Saturday, 30 June 2012

Research: childhood-onset vs. adult-onset MS

EpubPichler et al. Differences and similarities in the evolution of morphologic brain abnormalities between paediatric and adult-onset multiple sclerosis. Mult Scler. 2012 Jun 19.

Background: Paediatric-onset multiple sclerosis (pMS) is MS occurring before the age of 18 years and may present and develop differently from adult-onset MS (aMS). Whether there are also differences regarding the accrual of brain changes is largely unknown.

Methods: This study compared the evolution of the T2- and T1-lesion load (LL), the black hole ratio (BHR), and annualised brain volume change (aBVC) between 21 pMS patients (age at onset: 14.4±2.3 years) and 21 aMS patients (age at onset: 29.4±6.5 years) matched for disease duration (pMS: 1.0±1.8 years; aMS: 1.6±1.7 years, p=0.27). Follow-up was for 4.2±3.7 years in pMS and 3.1±0.6 years in aMS. Clinical comparisons included the course of disability assessed with the Expanded Disability Status Scale (EDSS) score and annualised relapse rate (ARR).

Results: At baseline, pMS and aMS had similar EDSS, T1-LL, BHR, whereas T2-LL was higher in aMS (aMS: 9.2±11.6 ccm; pMS: 4.1±6.2 ccm, p=0.02). The change of T2-LL and T1-LL during the observation period was similar in both groups. At follow-up, disability was lower in pMS (EDSS score in pMS: 0.9±0.9; aMS: 1.7±1.3, p=0.04), despite a significantly higher accrual of destructive brain lesions (BHR in pMS: 23.7±23.7%; aMS: 5.9±4.0%, p=0.02) and a similar rate of brain volume loss.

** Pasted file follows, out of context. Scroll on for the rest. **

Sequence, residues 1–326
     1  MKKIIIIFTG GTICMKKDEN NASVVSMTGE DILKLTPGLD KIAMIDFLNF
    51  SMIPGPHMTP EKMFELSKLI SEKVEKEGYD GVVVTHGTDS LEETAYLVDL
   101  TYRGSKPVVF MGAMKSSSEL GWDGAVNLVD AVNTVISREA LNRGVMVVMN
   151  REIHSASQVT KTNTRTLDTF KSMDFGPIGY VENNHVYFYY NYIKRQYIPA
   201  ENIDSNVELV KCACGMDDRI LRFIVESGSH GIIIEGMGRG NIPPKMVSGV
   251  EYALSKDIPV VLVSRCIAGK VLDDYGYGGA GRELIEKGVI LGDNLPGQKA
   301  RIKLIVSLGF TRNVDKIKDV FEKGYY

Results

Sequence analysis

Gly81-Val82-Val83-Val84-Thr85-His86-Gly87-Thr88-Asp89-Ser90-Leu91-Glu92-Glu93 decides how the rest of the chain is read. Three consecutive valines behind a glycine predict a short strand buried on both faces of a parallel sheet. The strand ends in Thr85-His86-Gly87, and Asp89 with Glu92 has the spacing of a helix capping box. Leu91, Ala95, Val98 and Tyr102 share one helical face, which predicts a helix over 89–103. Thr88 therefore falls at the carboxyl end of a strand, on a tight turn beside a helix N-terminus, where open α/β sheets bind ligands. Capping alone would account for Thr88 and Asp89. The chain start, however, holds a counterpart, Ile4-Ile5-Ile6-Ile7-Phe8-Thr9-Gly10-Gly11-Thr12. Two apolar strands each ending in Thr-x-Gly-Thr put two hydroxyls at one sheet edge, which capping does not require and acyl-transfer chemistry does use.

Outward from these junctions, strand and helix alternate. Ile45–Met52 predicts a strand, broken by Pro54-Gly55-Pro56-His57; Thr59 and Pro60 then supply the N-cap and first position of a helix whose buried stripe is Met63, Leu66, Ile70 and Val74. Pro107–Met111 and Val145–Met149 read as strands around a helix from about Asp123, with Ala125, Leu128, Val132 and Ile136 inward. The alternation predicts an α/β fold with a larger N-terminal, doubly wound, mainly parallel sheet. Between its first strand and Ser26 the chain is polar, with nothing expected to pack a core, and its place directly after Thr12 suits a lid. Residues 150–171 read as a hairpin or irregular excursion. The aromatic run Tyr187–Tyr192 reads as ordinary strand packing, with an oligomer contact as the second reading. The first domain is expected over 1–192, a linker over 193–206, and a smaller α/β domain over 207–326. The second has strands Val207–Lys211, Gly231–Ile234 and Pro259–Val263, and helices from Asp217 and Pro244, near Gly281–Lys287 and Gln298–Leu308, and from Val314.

Conclusion: This study observed a more aggressive disease evolution paralleled by less disability in pMS than in aMS (defined using EDSS) suggests a higher compensatory capacity in pMS. This fact may obscure the need for treatment of pMS patients with disease modifying treatments (DMTs) based solely on clinical observation.

"Not surprising; the younger you are the more likely you are to recover from an insult. The corollary being the older you are the worse you are likely to do due to poor recovery mechanisms. This one of the reasons why we believe progressive MS may be driven by the ageing process."

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